Rogue OneStar Wars Stories

New Details on the Holy Land of Jedha in Rogue One: A Star Wars Story

During Star Wars Celebration Europe, Director Gareth Edwards revealed that the planet Jedha would play a central role in Rogue One: A Star Wars Story, and that the planet was considered the “holy land” for Jedi.  Today, Edwards provided some additional insight on the planet Jedha to Entertainment Weekly‘s always excellent Anthony Breznican.

Edwards explains to EW that they were looking for a location that would embody the spiritual battle between good and evil:

“The Force is basically in Star Wars like a religion, and they’re losing their faith in the period that we start the movie,” says Gareth Edwards, director of the story that’s set just prior to the events of 1977’s originalStar Wars.

“We were trying to find a physical location we could go to that would speak to the themes of losing your faith and the choice between letting the Empire win, or evil win, and good prevailing,” he says. “It got embodied in this place we called Jedha.”

Notably, it seems that Jedha represents more than just a symbolic or spiritual conflict. Edwards intimates that Jedha has a practical, perhaps tangible, importance as well:

“It’s a place where people who believe in the Force would go on a pilgrimage,” Edwards says. “It was essentially taken over by the Empire. It’s an occupied territory… for reasons we probably can’t reveal.”

Pressed for a little more detail about why the Empire would send its military to dominate this world of worship, Edwards says, “There’s something very important in Jedha that serves both the Jedi and the Empire. It felt very much like something we could relate to in the real world.”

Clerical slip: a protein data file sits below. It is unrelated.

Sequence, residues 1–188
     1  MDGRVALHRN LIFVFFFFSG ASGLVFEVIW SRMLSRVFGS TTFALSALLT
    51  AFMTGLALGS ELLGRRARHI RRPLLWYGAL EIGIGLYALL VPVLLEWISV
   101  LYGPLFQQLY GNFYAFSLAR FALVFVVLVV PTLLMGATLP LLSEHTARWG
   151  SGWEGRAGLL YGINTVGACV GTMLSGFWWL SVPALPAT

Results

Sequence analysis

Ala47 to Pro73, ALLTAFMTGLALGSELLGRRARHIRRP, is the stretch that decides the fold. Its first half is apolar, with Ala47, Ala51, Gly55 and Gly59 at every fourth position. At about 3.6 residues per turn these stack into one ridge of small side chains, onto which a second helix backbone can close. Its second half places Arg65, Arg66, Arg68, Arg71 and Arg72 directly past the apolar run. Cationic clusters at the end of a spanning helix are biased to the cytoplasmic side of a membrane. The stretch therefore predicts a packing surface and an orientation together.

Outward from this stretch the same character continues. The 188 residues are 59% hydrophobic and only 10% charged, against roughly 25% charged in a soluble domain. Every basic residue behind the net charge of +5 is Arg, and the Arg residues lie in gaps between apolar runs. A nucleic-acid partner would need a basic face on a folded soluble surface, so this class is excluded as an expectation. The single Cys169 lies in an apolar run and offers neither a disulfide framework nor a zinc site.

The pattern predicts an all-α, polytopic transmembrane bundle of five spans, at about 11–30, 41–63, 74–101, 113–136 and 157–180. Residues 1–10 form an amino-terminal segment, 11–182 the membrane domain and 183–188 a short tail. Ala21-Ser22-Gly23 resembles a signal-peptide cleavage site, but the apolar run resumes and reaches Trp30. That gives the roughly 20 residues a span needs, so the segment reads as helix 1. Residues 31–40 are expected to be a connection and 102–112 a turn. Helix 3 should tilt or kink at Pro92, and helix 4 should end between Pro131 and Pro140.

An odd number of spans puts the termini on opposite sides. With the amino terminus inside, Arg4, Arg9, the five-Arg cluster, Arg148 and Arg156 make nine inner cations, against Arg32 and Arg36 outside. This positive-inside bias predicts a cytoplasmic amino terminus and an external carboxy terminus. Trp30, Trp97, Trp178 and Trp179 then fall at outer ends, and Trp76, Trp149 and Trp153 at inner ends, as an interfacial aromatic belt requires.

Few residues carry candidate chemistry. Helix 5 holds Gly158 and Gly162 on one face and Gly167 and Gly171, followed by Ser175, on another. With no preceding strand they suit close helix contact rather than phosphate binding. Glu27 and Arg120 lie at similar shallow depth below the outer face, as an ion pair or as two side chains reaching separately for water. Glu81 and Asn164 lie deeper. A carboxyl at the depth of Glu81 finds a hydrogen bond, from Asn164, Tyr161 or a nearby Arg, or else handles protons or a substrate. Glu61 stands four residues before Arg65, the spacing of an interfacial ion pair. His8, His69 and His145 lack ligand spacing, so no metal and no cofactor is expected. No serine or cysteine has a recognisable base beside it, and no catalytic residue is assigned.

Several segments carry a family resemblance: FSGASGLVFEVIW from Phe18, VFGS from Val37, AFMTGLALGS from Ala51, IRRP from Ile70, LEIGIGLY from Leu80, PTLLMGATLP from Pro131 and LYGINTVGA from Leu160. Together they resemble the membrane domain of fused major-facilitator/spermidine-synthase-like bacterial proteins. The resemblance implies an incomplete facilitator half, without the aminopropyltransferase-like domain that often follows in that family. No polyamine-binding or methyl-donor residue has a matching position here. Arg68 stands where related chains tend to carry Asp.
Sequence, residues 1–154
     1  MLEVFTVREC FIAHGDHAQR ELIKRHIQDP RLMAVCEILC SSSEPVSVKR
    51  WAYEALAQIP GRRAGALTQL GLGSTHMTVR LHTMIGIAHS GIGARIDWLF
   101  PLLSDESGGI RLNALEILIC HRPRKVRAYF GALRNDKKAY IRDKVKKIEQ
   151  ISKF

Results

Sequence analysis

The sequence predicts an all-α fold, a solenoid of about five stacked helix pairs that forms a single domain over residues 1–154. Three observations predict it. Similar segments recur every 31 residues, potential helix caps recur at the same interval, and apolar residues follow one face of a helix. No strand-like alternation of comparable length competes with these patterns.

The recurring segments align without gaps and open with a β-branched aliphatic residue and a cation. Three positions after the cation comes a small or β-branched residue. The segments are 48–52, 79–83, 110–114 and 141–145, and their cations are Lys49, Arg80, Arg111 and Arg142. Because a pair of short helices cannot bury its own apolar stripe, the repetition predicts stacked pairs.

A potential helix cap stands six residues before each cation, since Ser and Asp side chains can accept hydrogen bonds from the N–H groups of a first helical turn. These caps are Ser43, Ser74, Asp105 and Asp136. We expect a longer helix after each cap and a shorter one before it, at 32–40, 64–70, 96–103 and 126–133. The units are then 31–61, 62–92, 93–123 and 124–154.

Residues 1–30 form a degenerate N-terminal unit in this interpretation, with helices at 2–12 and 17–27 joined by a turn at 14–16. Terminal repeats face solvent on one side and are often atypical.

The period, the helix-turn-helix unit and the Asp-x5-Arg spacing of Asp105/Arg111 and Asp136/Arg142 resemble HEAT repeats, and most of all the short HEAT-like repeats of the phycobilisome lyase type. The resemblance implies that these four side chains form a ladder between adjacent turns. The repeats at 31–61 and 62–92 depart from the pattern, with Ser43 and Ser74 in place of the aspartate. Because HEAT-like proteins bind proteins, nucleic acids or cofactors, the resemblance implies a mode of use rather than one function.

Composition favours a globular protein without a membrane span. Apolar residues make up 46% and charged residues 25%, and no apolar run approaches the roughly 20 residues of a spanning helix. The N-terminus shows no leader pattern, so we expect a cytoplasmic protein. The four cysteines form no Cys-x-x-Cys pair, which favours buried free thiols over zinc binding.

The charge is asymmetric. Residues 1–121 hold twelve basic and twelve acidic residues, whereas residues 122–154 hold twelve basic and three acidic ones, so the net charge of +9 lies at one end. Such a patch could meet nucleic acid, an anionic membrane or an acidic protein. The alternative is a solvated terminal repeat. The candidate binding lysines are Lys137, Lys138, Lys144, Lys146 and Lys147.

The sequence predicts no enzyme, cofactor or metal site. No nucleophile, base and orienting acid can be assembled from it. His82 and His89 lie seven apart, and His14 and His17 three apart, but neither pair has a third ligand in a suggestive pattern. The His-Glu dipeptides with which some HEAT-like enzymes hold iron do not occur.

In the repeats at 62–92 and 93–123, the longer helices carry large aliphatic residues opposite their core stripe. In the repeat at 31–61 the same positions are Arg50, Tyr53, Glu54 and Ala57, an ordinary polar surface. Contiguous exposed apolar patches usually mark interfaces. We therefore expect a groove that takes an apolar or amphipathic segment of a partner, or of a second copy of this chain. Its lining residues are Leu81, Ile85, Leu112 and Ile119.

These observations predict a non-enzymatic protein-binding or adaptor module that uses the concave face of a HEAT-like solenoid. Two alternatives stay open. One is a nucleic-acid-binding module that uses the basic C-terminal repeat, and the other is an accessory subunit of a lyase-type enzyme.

Breznican reasonably theorizes that perhaps Edwards is referring to a natural resource that would be valuable to both the Jedi and the Empire. Perhaps the planet houses kyber crystals that power lightsabers and the Death Star? It’s certainly a very logical theory that we at have discussed in the past. Given that the Death Star plays such a central role in this story, the question of what powers its laser would be an important one.

Jedha also seems to have a third layer of importance beyond the symbolism and its natural resources: an important ally.

“Within Jedha, even though there’s the oppressive foot of the Empire hanging over them, there’s a resistance that won’t give up and our characters have to go and meet people there to try and secure a person from this group,” Edwards says.

Given my substantial interest in Chirrut Imwe and Baze Malbus, both residents of Jedha, the first person that I thought of was Chirrut, primarily because it’s been made quite clear that Chirrut is a spiritual character with connections to the Force. However, it’s interesting to me that he’s using the singular here–“a person”–when Chirrut and Malbus have primarily been grouped together in most descriptions to this point. Could it be someone more practical to the actual war, like Saw Gerrera? Could it be someone we haven’t yet been introduced to?

The multi-layered, nuanced importance of Jedha in this Star Wars story is really intriguing to me and definitely adds a story depth that I’m definitely interested in learning more about.


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Jason Ward (EIC)

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